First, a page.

Key link found in Cosmic Distance Ladder

Jun 20, 2013
Key link found in Cosmic Distance Ladder

(Phys.org) —When observing the bright explosion of a White Dwarf star in our neighbouring galaxy last year, researchers from The Australian National University collected the largest ever data set on what they recognised as one of our best 'standard candles' yet for distance measurements in the Universe.

"We know how a candle of a particular brightness grows fainter as it is moved further away from us. So, if we know the true brightness of the candle (in this instance, supernova SN 2012fr) and we measure its observed brightness, we can then calculate the interceding distance," said Dr Michael Childress.

Supernova SN 2012fr left a which has been analysed by a team of researchers led by Dr Childress from the ANU Research School of and which also includes Professor Brian Schmidt.

Their data shows unprecedented, and quite unusual, layering in the material that was burnt and ejected in the explosion, especially silicon and iron.

Two distinct layers of silicon were found: one thick, outer layer that had faded by the time the supernova reached its peak brightness on 12 November 2012 (16 days after the initial explosion), and one deeper layer that hardly changed for several weeks after the explosion.

"As it turns out, SN 2012fr is not just another supernova but a really interesting case. Since it was discovered within a day of explosion, we were able to study it in greater detail than almost any supernova ever discovered," Dr Childress said.

"Because we know the distance to its (NGC 1365), this supernova actually lets us better calibrate all Type Ia Supernova observations to measure distances in the Universe, using what we call the 'standard candle' technique.

This video is not supported by your browser at this time.
A short research presentation by Dr Childress.

Despite its unusual layers, SN 2012fr appears to still be classified as a so-called 'normal' Type Ia Supernova – which Professor Schmidt used in his winning work to discover Dark Energy – and it also presents a key link in our cosmic distance ladder.

"Our analyses of SN 2012fr will increase the precision of which we can measure distances outside of our own galaxy, as well as improve our understanding of these explosive events and our ability to use them in the hunt for Dark Energy, the source of the accelerated expansion of the Universe," said Dr Childress.

This research is part of 'The Dark Universe' theme of the ARC Centre of Excellence for All-sky Astrophysics, CAASTRO (www.caastro.org) and is published today in The Astrophysical Journal.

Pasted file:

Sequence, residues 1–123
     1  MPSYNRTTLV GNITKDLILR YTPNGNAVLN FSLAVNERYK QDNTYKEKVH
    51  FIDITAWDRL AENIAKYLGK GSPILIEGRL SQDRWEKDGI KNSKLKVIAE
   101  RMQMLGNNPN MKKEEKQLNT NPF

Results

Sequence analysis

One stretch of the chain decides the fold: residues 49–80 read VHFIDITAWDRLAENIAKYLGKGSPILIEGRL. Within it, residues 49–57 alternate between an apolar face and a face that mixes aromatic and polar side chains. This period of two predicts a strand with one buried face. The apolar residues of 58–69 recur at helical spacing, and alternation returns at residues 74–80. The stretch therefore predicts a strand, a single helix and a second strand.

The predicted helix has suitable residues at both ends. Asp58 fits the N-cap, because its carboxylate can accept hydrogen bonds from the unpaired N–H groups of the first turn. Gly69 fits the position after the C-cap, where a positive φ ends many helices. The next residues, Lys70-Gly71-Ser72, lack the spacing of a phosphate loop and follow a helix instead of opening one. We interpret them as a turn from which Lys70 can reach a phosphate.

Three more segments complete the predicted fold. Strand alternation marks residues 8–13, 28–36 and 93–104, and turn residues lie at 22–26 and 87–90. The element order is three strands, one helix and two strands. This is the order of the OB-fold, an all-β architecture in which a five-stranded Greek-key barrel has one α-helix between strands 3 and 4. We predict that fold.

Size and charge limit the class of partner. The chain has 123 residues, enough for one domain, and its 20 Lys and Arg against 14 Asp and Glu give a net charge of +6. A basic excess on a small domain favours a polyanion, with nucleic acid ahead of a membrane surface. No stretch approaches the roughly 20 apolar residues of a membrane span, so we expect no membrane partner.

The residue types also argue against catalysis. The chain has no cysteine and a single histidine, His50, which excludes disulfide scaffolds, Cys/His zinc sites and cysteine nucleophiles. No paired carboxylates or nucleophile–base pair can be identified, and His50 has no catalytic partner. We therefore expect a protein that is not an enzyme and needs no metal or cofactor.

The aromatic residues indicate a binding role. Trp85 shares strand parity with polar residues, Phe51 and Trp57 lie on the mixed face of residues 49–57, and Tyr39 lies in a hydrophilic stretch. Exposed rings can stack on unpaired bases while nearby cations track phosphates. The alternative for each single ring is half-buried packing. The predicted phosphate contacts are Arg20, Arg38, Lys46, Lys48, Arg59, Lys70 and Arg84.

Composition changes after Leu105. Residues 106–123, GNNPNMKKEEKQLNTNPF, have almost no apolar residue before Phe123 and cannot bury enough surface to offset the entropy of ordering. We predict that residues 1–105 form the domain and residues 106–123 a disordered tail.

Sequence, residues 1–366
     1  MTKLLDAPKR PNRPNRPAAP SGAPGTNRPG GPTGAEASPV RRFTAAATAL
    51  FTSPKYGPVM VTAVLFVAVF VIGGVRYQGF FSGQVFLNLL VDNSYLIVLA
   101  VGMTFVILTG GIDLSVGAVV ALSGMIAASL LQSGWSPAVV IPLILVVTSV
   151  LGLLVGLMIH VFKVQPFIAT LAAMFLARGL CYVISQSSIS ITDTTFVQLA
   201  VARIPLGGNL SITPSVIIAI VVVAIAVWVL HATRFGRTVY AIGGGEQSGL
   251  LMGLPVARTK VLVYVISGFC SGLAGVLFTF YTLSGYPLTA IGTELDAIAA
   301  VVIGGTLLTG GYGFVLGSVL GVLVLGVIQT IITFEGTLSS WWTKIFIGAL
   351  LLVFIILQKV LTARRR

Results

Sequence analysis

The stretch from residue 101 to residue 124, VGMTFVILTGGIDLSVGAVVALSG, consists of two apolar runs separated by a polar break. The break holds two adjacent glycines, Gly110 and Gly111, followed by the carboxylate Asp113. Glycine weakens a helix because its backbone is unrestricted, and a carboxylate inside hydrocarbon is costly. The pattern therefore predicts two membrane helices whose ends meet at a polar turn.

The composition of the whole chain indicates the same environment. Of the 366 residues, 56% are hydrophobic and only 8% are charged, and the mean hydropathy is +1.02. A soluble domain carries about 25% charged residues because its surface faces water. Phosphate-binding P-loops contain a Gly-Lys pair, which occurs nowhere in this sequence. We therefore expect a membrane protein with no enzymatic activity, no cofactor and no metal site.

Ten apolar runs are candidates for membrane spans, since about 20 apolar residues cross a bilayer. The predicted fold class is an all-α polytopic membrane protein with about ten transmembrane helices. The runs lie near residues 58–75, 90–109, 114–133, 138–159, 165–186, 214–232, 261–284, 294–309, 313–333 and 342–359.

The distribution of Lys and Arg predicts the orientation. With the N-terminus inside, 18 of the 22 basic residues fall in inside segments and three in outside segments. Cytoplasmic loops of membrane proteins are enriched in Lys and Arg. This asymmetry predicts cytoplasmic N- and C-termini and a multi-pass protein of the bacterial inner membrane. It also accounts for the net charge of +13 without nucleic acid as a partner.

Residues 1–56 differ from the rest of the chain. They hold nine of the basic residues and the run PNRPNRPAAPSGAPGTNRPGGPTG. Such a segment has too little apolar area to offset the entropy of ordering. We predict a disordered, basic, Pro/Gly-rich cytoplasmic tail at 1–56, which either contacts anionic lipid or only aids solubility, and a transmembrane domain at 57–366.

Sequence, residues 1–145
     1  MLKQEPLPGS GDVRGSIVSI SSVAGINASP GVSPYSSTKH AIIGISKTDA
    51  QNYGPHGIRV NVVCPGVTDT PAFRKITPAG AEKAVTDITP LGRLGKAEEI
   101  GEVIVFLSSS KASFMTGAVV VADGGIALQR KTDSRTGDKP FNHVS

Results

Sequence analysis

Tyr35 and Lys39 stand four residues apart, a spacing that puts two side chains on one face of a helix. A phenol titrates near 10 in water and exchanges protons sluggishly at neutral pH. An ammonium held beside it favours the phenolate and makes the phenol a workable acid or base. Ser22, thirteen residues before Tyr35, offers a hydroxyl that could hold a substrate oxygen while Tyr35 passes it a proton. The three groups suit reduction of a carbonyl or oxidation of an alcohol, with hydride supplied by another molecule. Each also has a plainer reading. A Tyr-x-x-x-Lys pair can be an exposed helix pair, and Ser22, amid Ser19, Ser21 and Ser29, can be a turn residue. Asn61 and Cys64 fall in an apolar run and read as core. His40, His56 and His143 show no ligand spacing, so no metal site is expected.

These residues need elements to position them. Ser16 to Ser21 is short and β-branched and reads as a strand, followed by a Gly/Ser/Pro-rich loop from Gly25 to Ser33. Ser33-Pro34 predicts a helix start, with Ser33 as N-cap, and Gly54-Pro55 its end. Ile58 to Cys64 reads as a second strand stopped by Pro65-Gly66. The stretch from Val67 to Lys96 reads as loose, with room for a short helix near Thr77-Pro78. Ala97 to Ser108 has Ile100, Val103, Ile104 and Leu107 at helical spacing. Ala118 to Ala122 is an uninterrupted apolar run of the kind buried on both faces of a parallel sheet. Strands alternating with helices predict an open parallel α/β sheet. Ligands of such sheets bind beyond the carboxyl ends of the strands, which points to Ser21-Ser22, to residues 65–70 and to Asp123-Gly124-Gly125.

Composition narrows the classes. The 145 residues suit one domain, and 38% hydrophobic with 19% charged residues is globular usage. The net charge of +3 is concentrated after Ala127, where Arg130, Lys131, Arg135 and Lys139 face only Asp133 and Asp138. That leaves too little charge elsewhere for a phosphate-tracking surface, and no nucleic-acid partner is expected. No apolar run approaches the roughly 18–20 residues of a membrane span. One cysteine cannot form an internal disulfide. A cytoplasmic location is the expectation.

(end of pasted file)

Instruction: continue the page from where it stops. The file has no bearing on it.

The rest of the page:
Explore further: Satellite galaxies put astronomers in a spin

Related Stories

Astronomers discover light echo from supernova

Jun 04, 2013

(Phys.org) —Astronomers have discovered light echoing off material surrounding a recent supernova explosion, SN 2009ig. The dust and gas that are reflecting the light are so close to the eruption center ...

Spiral beauty graced by fading supernova

Mar 20, 2013

(Phys.org) —About 35 million light-years from Earth, in the constellation of Eridanus (The River), lies the spiral galaxy NGC 1637. Back in 1999 the serene appearance of this galaxy was shattered by the ...

Hubble telescope breaks record for farthest supernova

Apr 04, 2013

(Phys.org) —The supernova, designated SN UDS10Wil, belongs to a special class of exploding stars known as Type Ia supernovae. These bright beacons are prized by astronomers because they can be used as a ...

Recommended for you

Satellite galaxies put astronomers in a spin

15 hours ago

An international team of researchers, led by astronomers at the Observatoire Astronomique de Strasbourg (CNRS/Université de Strasbourg), has studied 380 galaxies and shown that their small satellite galaxies almost always ...

Video: The diversity of habitable zones and the planets

15 hours ago

The field of exoplanets has rapidly expanded from the exclusivity of exoplanet detection to include exoplanet characterization. A key step towards this characterization is the determination of which planets occupy the Habitable ...

Ultra-deep astrophoto of the Antenna Galaxies

15 hours ago

You might think the image above of the famous Antenna Galaxies was taken by a large ground-based or even a space telescope. Think again. Amateur astronomer Rolf Wahl Olsen from New Zealand compiled a total ...

The most precise measurement of an alien world's size

17 hours ago

Thanks to NASA's Kepler and Spitzer Space Telescopes, scientists have made the most precise measurement ever of the radius of a planet outside our solar system. The size of the exoplanet, dubbed Kepler-93b, ...

User comments : 0